Is The Ultimatum: Queer Love Scripted or Real?

If there’s one thing absolutely nobody can deny, it’s that every relationship demands a lot of respect owing to the communication, intimacy, and vulnerability involved at every step of the way. However, Netflix’s ‘The Ultimatum: Queer Love’ does twist things a little by having people from couples at a crossroads date one another to help them realize what they really desire in the long run. It thus comes as no surprise this original is a blend of pure chaos and messy drama, driving many to wonder whether any of it is actually real — so we’ve dug deep to get the details for you.

Is The Ultimatum: Queer Love Real or Fake?

From the moment the core concept of ‘The Ultimatum’ was first announced by the streaming giant serving as its home in March 2022, it has decisively been billed as an unscripted reality series. And since the only difference between this initial production with ‘Queer Love’ is that all the participants in the latter are either gay/bi women or simply non-binary individuals, it sticks to its original billing. This actually indicates no circumstance or sentiment was concocted by entertainment industry experts to have the willing cast come across as any different than who they are in real life.

Raelyn “Rae” Cheung-Sutton and Lexi Goldberg

In fact, the authenticity is evident through the social media platforms of all the featured couples, especially as it indicates each pair was genuinely involved prior to filming (in 2021) and had their issues. Let’s take Lexi Goldberg and Raelyn “Rae” Cheung-Sutton for example; the latter debuted the beautiful blonde as her girlfriend on Instagram back in November 2018, plus the former recently indicated she hasn’t emotionally dealt with everything that’d transpired both before and during the shoot. In other words, considering their significant history, each of their assertions, conversations, as well as experiences in the series were most likely entirely unfiltered and true.

However, we can not ignore that the entire narrative of this show is susceptible to modifications through back-end interference in the hopes of making the final result as captivating as possible. After all, since producers invest extensive resources (time, money, energy, skills, etc) to ensure such an original’s long-term, overall success, their priority does often evolve into securing a stable, profitable return more than anything. Though instead of directly constructing some drama from the ground up, these executives reportedly merely nudge cast members to pursue specific, complex topics of conversation at particular points to naturally spark some lasting intrigue.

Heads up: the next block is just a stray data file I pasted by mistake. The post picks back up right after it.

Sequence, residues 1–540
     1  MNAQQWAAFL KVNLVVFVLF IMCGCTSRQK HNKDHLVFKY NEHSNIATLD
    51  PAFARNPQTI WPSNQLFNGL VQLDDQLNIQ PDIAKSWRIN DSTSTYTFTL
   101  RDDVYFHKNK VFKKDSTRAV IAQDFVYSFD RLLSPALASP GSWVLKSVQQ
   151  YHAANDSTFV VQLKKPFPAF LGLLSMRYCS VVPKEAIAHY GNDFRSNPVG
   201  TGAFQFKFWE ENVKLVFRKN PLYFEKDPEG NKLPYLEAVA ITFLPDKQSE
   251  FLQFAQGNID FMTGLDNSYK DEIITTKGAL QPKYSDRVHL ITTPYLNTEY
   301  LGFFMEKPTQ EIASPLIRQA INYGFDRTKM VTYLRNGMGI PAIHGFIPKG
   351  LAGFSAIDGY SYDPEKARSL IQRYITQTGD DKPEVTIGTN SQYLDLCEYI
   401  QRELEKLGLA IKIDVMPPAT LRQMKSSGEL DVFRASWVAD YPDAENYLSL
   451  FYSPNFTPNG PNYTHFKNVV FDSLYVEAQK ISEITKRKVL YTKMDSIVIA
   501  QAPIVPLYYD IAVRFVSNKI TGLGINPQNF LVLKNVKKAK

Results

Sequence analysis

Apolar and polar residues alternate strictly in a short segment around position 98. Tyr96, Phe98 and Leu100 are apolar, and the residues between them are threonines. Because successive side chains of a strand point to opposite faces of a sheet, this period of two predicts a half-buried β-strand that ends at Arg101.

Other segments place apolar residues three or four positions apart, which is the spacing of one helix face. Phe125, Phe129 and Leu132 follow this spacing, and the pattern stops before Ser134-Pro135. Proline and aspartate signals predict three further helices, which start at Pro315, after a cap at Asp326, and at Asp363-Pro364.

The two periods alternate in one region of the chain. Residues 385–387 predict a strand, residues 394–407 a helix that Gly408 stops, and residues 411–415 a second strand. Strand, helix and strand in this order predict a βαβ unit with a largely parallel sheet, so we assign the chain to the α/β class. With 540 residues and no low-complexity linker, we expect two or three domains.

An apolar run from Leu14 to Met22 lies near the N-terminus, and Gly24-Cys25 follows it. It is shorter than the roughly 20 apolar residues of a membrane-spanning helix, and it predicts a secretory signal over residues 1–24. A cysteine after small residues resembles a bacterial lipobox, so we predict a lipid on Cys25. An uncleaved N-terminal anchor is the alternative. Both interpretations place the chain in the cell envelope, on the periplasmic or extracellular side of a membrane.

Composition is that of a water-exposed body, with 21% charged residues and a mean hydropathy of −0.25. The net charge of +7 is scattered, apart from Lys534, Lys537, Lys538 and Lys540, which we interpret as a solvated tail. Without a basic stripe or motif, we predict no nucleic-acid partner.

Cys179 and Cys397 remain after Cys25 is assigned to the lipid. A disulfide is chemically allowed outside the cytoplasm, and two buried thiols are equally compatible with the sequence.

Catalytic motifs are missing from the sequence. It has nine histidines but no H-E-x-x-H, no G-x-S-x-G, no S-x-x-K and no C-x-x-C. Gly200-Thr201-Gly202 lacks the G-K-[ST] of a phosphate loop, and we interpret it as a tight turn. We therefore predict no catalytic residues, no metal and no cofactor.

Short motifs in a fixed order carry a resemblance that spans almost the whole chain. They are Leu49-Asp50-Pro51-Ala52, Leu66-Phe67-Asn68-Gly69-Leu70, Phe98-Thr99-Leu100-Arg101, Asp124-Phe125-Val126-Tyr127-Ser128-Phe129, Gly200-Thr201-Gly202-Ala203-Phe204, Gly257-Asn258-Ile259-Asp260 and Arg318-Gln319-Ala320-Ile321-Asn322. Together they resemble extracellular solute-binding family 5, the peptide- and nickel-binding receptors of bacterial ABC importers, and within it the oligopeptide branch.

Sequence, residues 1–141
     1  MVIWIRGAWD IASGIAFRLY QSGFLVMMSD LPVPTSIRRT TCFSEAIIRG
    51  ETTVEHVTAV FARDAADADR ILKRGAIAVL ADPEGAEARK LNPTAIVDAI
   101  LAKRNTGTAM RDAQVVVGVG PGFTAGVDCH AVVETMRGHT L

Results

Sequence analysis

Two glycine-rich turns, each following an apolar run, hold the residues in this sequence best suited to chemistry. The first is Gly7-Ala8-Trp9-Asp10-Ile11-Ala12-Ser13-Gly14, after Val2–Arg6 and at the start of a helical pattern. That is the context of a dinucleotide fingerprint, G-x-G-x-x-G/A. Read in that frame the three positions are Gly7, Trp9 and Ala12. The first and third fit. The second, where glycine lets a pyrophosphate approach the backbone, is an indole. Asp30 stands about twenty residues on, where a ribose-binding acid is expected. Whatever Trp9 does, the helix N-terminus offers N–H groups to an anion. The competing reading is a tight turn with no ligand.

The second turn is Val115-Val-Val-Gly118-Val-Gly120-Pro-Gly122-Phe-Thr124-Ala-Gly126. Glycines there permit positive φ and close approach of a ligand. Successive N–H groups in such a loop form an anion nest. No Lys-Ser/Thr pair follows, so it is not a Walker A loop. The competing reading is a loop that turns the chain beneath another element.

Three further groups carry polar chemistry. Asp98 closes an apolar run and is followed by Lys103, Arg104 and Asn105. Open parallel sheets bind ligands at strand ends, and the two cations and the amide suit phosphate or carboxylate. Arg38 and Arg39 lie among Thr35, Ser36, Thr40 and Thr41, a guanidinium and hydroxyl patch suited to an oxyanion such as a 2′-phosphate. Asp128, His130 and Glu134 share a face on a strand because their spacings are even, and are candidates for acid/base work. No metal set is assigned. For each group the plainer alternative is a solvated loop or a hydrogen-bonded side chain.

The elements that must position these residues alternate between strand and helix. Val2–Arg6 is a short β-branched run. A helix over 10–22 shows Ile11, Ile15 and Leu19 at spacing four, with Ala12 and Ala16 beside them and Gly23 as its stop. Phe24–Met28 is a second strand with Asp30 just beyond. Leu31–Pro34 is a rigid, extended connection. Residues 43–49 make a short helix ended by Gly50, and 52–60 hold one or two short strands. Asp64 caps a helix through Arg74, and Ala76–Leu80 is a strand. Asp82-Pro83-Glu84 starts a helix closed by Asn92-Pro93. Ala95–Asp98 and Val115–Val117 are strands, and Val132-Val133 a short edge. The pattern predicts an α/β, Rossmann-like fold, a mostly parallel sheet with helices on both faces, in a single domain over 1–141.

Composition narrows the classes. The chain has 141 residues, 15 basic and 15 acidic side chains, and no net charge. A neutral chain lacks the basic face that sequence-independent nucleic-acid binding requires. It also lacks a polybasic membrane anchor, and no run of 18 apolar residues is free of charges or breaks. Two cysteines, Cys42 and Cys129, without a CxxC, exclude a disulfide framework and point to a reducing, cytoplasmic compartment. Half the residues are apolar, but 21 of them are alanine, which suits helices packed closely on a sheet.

Vanessa Papa and Xander Boger

Then there’s the post-production editing process, which is honestly utterly unavoidable because it is the producers’ sole means to bring practical meaning and flow between different scenes from different days. This element is in the hands of those behind the cameras alone, meaning they can cut, edit, and play with the cast’s personal accounts in any way they deem fit to maintain the audience’s continued attention.

Nevertheless, despite the modified narrative, the editing, and the nudging, it appears as if ‘The Ultimatum: Queer Love’ is as natural, real, unscripted as it can be since nothing is manufactured/faked. Though it’s still imperative to clarify that you should always take every such series with a grain of salt because you never really know the true extent of producer interference in terms of engineering or manipulation.

Read More: Where is Netflix’s The Ultimatum Queer Love Filmed?